This week, Samsung has revealed a full set of LED televisions in Germany. At this IFA event, they announced that they will continue the production of this very slender TV, and I'm sure we could all agree that this news is very exciting. This LED is the best on the market but Samsung hopes to continue sweeping away the competition by being the first to release the AMOLED (Active Matrix Organic Light Emitting Diode.)
The company is doing well even without the AMOLED TV, selling more than 700,000 LED units worldwide since they were first plucked off the production lines. And it was only out for four months! Samsung is anticipating to ship out 2 millions units in 2009, and is expecting to be responsible for 35% of the global LCD market by 2010.
There are two things I despise: an overabundance iPhone users and the overabundance of Auto-Tune users. Fortunately, media company Smule has teamed up with Antares and T-Pain to create a duet from hell with the new app, I Am T-Pain. The app allows you to plug in your iPhone to a set of speakers and sing along to your favorite T-Pain hits and then send the sorry excuse for a song to your friends. Sounds exciting, right? It gets better! It comes with several of the Top 40 hits along with 3 original beats for you to get your off-keyness on.
For those who are unaware, Auto-Tune is a feature that corrects, or tunes, your voice to the correct pitch if you wind up flat or sharp during singing. The more corrections you hear on a song typically correlates with the talent of the artist. Currently there are thousands of young artists with aspirations to make it big who are using this software thinking it will launch them to the top just because T-Pain did it. However, they fail to realize that a singing ability is still required to not make the correction software overwork itself into oblivion on the track.
Bluetooth headsets were quite the rave not too long ago, but a recent study shows a decline in use of Bluetooth headsets in the United States. In 2008, 43% of Americans used their headsets daily, but now the number has decreased to 26%. American consumers are finding that hands-free car kits are easier to use and performed better when professionally installed.
Although the number of consumers who use their headset daily has plummeted in the United States, it has increased in Europe. Talking to someone with a flashing stick in their ear sure can get annoying, but I'd have to admit the Bluetooth is much more convenient and can be used in more than just the car, unlike a hands-free car kit. So which is better, the Bluetooth headset or the hands-free car kit? We'll let you decide.
Ever heard of the computer manufacturing company Linutop? Good, I haven't either. Apparently their goal is to cater to the cheapskate of the world by making computers whose sole purpose is to annoy technicians and reviewers like myself by creating a device which can only run Solitaire without crashing. It's called the Linutop 3. This beast - and when I say beast, I mean kitty cat - of a machine comes with a whopping 1 GB of RAM with a 2 GB flash-based hard drive. You may be wondering why I'm bashing a netbook so much, but this is a desktop machine, standing at a manly 9" tall and 2" wide!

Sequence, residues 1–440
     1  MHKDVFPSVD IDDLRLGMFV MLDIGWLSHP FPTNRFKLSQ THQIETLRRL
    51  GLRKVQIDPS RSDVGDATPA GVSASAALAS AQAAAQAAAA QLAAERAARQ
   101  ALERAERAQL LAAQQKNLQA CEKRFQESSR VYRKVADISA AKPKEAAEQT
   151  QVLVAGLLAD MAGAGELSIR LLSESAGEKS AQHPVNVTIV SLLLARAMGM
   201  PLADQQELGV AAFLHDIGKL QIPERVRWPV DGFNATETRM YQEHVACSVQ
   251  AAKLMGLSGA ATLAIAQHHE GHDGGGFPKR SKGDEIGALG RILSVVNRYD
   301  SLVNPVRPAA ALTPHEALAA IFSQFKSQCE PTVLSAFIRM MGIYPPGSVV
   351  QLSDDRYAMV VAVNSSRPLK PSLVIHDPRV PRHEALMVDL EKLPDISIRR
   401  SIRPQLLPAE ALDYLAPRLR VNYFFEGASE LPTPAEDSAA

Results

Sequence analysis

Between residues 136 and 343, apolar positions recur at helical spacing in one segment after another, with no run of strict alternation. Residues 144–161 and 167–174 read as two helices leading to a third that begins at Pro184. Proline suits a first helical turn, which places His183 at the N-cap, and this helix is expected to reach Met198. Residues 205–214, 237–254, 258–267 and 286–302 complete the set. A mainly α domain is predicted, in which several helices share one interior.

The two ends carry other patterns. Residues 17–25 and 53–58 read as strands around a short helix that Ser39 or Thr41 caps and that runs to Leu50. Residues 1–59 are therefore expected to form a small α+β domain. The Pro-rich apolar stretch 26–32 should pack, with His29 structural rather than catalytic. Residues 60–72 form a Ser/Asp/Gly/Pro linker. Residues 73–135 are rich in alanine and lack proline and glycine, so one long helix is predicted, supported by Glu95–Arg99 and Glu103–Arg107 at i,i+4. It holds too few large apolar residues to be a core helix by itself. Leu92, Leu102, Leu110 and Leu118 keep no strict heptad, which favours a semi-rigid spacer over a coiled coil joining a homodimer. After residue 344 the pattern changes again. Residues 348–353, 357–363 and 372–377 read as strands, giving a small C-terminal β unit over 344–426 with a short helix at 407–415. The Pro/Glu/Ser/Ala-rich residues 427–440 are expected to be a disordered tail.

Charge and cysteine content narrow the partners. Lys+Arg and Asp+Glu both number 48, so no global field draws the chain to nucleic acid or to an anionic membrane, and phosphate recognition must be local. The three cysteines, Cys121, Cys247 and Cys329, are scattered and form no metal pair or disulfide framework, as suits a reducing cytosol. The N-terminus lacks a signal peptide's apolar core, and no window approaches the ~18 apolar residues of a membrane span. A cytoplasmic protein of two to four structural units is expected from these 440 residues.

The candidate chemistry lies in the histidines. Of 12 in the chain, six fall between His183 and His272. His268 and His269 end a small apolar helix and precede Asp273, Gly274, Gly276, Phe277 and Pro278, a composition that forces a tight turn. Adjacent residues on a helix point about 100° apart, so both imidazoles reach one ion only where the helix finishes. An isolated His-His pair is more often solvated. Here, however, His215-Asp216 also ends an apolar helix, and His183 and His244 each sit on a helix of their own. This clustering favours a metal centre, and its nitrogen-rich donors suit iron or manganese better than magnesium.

Why so harsh, you ask? This is only going to further widen the technology gap for people who only buy new devices based on price. Yes, I understand that this machine could prove to be useful for the 70 year old grandfather who merely wants to check up on his family and maybe receive a picture or two. This can even be useful as an Internet center at your local library. However, we all know the difference between impact and intent.
Unless you care about Europe for some reason then you are probably not familiar with Nokia's "Comes With Music" service and why it being delayed in the U.S. could make U.S. phone owners a sad panda. Nokia unveiled the service in December 2007 one year before its official launch in the U.K (it's in Europe). Come With Music basically works as a prepaid music service where you pay a certain amount up front and get unlimited downloads from their music library for a whole year. Well that sounds pretty cool but what's the catch? It seems that in order to get European wireless companies to jump on board and foot some of the bill they had to slip some DRM into the mix.
Hey everyone remember TiVo, the device that revolutionized the way we watched TV by bestowing upon us the ability to warp time? Except for the fact that we had one sitting around where I used to work, I don't either. It turns about they are still alive and have been trying to rip Dish Network a new one since 2004 because of alleged patent infringements. Originally, they sued EchoStar, which is part of Dish Network now for infringing on their patent for their "multimedia time warping system" (wow that sounds cool).
To put it simply, they are referring to the TiVo's ability to record one channel while watching another. Fast forward to 2006 and a federal court ruled that EchoStar had to pay TiVo a whopping 73.9 million for damages but it doesn't stop there. Recently Dish was also ordered to pay $103 million plus interest for continuing to sell DVRs with technology that violates a permanent injunction by federal courts but wait round 3 is coming up next. This dispute has now remained unsettled for 5 years so TiVo went for the killing blow and sued Dish for $1 billion based on the profits they had made from their DVR in this timeframe. Now fortunately for Dish the judge ruled that only $200 million more was justified and said that Dish had made a good faith effort to work around the technology and did not willingly infringe TiVo's patent.
TiVo released a statement saying,